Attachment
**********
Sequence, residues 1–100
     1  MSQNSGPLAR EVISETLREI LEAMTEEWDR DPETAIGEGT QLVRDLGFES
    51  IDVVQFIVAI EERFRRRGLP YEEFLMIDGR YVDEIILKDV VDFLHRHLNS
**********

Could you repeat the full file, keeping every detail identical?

Sequence, residues 1–100
     1  MSQNSGPLAR EVISETLREI LEAMTEEWDR DPETAIGEGT QLVRDLGFES
    51  IDVVQFIVAI EERFRRRGLP YEEFLMIDGR YVDEIILKDV VDFLHRHLNS